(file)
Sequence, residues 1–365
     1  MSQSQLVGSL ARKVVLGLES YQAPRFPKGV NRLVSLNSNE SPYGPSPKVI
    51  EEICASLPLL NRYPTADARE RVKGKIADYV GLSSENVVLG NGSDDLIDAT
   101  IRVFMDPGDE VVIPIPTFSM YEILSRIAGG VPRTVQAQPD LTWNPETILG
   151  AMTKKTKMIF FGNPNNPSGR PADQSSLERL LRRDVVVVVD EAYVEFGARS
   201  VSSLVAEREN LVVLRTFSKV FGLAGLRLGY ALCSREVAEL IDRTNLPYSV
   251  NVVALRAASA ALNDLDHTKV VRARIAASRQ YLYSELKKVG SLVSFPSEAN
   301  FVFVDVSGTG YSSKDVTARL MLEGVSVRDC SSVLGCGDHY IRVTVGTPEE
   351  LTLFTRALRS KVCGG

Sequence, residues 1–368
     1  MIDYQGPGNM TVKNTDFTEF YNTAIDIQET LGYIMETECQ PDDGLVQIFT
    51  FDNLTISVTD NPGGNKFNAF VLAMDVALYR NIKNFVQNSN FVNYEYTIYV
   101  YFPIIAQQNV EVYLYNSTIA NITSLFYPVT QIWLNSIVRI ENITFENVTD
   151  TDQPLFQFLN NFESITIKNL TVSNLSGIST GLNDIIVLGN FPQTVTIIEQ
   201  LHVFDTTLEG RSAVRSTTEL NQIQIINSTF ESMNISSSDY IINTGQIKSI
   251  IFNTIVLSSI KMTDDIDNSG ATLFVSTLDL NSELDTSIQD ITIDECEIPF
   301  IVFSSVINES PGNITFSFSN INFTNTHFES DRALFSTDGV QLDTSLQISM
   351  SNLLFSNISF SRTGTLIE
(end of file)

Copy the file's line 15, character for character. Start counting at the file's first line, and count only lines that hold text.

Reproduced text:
   201  LHVFDTTLEG RSAVRSTTEL NQIQIINSTF ESMNISSSDY IINTGQIKSI